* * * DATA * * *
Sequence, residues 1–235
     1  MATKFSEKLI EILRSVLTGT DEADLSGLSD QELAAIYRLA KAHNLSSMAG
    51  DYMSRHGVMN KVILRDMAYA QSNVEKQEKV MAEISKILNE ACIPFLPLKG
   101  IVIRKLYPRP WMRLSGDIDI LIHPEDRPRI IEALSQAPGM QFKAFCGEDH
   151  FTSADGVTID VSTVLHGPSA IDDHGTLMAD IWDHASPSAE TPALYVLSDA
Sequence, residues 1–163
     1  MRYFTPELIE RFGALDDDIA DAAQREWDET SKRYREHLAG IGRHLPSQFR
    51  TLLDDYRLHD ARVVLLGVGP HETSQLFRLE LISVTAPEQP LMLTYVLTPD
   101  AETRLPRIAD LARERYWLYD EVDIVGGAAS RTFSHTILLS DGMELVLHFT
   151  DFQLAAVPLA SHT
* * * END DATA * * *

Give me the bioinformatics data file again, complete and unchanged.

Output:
Sequence, residues 1–235
     1  MATKFSEKLI EILRSVLTGT DEADLSGLSD QELAAIYRLA KAHNLSSMAG
    51  DYMSRHGVMN KVILRDMAYA QSNVEKQEKV MAEISKILNE ACIPFLPLKG
   101  IVIRKLYPRP WMRLSGDIDI LIHPEDRPRI IEALSQAPGM QFKAFCGEDH
   151  FTSADGVTID VSTVLHGPSA IDDHGTLMAD IWDHASPSAE TPALYVLSDA
Sequence, residues 1–163
     1  MRYFTPELIE RFGALDDDIA DAAQREWDET SKRYREHLAG IGRHLPSQFR
    51  TLLDDYRLHD ARVVLLGVGP HETSQLFRLE LISVTAPEQP LMLTYVLTPD
   101  AETRLPRIAD LARERYWLYD EVDIVGGAAS RTFSHTILLS DGMELVLHFT
   151  DFQLAAVPLA SHT